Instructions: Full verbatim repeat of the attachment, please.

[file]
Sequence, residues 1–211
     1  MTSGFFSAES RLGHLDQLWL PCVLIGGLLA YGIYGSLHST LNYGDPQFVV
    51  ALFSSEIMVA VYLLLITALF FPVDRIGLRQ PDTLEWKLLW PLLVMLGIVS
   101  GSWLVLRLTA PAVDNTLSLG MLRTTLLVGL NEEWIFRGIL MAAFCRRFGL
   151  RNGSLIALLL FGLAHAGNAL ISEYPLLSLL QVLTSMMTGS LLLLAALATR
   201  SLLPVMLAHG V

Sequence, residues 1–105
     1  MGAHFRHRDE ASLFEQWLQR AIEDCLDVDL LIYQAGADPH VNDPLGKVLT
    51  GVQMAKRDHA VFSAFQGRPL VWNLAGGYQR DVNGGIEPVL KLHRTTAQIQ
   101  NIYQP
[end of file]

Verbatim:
Sequence, residues 1–211
     1  MTSGFFSAES RLGHLDQLWL PCVLIGGLLA YGIYGSLHST LNYGDPQFVV
    51  ALFSSEIMVA VYLLLITALF FPVDRIGLRQ PDTLEWKLLW PLLVMLGIVS
   101  GSWLVLRLTA PAVDNTLSLG MLRTTLLVGL NEEWIFRGIL MAAFCRRFGL
   151  RNGSLIALLL FGLAHAGNAL ISEYPLLSLL QVLTSMMTGS LLLLAALATR
   201  SLLPVMLAHG V

Sequence, residues 1–105
     1  MGAHFRHRDE ASLFEQWLQR AIEDCLDVDL LIYQAGADPH VNDPLGKVLT
    51  GVQMAKRDHA VFSAFQGRPL VWNLAGGYQR DVNGGIEPVL KLHRTTAQIQ
   101  NIYQP